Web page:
One executive at a large, diversified fund manager says some investors have asked the firm to build a fund to roll particular assets into a core vehicle. The firm declined, citing conflicts of interest.
“Our investors, by and large, were happy with that decision. They said they didn’t want to be in funds that would be in the middle of conflicts,” the executive says. “Our rule is we don’t trade between funds. If there’s an exceptional situation, we’ll come to the LP advisory committee.”
Colony’s opposite attitude was exemplified in a deal for its open-ended vehicle, Colony Industrial Fund. In 2015, the investment manager created ColFin Cobalt Partnership, a closed-end fund, to purchase light industrial assets in the US, including a seed portfolio consisting of Cobalt Capital Partners’ 256 assets. In 2016, Colony converted that vehicle to CIF, forming the fund’s seed portfolio with the 256 properties.
A spokeswoman for Colony declined to comment. But a source familiar with the firm told PERE this is a typical way for it to seed a new fund.
Rental housing giant Greystar has not traded between funds to date. Adam Pillay, the Charleston, South Carolina-based firm’s head of investor relations, says its clearly defined strategies – value-add, core-plus and development – by design make trading among entities more difficult.
Pillay adds that recapitalizations of a non-discretionary joint venture may offer less conflict-fraught exits for like-minded investors. In those cases, a third party values the asset, with both sides agreeing to terms through an open, transparent process. Unlike a manager selling among blind-pool funds, it instead facilitates a process decided by its investors.
“When a manager has discretion over two vehicles and decides to trade between them without some form of LP or LPAC approval, things get a little murkier. From an LP’s standpoint, it can be hard to understand how they’re maximizing value for the seller, and buying well for the buyer due to the related party nature of the transaction,” Pillay says. “That being said, there are always going to be unique situations where a manager needs to assess the best exit for their partners.”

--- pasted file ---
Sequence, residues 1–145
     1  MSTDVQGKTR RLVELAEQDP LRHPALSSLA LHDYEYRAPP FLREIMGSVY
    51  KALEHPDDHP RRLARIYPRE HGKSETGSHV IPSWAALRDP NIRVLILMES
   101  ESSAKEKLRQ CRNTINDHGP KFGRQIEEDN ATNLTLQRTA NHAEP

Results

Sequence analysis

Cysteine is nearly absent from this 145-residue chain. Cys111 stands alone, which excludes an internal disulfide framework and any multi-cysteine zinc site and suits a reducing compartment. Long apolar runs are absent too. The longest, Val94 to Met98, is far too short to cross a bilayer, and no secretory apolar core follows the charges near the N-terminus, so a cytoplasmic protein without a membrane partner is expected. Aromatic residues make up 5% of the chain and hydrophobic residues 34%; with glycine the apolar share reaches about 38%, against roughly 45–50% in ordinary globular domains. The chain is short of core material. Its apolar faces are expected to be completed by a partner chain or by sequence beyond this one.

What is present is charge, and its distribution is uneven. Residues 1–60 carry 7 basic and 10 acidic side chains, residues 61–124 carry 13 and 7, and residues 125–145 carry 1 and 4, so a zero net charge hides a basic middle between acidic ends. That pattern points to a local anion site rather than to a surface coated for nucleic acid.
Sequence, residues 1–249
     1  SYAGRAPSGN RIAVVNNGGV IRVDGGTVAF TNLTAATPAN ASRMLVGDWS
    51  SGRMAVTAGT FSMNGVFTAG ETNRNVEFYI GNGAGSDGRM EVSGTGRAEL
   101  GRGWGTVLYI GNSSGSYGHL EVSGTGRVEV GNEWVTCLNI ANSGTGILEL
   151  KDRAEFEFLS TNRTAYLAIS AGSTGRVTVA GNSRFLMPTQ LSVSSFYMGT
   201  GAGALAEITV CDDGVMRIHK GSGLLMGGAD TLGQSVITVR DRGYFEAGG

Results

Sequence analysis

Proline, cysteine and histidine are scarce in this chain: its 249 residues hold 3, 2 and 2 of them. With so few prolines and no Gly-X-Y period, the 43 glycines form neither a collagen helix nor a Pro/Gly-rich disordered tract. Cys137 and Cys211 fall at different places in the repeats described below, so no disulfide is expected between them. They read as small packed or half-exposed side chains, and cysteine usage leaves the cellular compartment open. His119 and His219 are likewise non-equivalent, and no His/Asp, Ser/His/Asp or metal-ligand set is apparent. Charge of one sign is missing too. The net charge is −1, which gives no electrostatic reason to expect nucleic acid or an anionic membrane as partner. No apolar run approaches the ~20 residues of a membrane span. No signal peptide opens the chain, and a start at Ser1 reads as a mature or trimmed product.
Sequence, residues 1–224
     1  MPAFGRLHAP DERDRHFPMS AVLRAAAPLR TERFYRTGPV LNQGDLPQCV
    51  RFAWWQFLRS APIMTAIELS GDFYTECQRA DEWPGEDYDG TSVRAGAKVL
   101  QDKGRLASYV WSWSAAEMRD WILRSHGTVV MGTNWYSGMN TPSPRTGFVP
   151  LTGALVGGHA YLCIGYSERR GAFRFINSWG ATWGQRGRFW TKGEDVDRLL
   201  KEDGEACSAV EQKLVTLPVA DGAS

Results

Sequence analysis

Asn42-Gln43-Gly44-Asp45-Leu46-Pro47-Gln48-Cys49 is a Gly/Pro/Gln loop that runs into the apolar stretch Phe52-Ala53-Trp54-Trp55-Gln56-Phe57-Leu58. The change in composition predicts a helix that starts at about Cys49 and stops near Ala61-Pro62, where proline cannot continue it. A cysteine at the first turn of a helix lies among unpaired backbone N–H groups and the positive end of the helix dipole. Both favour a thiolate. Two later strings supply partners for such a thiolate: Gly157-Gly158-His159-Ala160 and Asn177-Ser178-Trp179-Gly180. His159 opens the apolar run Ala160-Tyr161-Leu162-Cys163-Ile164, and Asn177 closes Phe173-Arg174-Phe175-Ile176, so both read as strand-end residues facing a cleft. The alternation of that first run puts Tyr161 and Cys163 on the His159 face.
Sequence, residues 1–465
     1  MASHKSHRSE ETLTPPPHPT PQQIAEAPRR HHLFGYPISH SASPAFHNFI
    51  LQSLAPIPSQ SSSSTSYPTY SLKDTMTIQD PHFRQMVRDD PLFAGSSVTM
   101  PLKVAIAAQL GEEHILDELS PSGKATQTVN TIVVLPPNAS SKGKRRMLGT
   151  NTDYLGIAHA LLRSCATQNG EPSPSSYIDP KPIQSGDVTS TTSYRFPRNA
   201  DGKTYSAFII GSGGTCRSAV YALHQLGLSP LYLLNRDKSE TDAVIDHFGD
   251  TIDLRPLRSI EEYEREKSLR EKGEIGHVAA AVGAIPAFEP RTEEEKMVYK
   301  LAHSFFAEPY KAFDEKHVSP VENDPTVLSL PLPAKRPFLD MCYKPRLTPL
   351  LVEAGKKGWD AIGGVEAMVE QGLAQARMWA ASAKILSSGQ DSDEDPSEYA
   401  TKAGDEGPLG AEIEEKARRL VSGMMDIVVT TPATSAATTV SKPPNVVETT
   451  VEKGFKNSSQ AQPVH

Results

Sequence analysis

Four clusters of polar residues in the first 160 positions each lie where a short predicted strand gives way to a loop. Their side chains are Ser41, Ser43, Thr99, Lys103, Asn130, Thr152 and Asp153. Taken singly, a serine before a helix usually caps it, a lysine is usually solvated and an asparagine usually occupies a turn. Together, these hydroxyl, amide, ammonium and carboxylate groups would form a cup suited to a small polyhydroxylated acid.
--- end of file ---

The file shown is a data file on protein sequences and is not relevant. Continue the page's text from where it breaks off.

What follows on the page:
London-based Europa Capital is an example in Europe of a value-add manager adopting a traditional route to seeding its first core-plus fund. Last year, it acquired a 237,000 square-foot office property in Munich in a joint venture with Japan’s Mitsubishi Estate from London-based Ekistics Property Advisors. The property was later transferred to the vehicle.
Mid-size manager approach
Smaller managers that lack the ability to invest on behalf of partners, or which cannot warehouse a portfolio on their balance sheets, are still finding other methods to seed new vehicles without rolling assets from one fund to another.
One such manager, Annapolis, Maryland-based Realterm, founded its core-plus fund last year with a “creative anchor investor.” Peter Lesburg, the firm’s director of capital markets, says existing investors’ feedback informed Realterm’s decision not to roll assets over from one of the firm’s value-add funds to the new vehicle.
“The biggest issue is pricing. The investors with whom we spoke wanted to make sure there was a true third-party mark they could rely on,” Lesburg says. “The market is the truest test. Even though it would have been more convenient for us to transfer assets, our capital partners are our most important stakeholders across our strategies. As such, we created a very clear investment allocation policy between our value-add and our core-to-core-plus businesses. We have a rigorous policy that effectively bifurcates investments across those two platforms.”
Asset retention post value-adding strategy is a solution for managers and investors alike at a point in the market cycle when effective deployment is increasingly a fraught exercise. In the absence of a regulatory framework or, for that matter, an industry standard practice, just how many adopt the solution depends on individual perspectives. As PERE has found, there is a spectrum of those.